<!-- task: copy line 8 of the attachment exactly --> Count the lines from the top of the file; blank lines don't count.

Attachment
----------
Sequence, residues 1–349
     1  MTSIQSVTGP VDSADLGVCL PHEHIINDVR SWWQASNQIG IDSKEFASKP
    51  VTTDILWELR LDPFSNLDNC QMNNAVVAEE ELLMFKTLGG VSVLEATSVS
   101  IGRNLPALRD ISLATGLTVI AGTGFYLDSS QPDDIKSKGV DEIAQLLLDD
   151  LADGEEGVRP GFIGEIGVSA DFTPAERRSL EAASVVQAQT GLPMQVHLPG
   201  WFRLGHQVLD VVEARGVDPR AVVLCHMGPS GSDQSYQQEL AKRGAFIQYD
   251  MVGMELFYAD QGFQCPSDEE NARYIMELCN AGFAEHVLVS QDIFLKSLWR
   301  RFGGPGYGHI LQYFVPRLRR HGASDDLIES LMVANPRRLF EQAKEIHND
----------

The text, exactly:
   301  RFGGPGYGHI LQYFVPRLRR HGASDDLIES LMVANPRRLF EQAKEIHND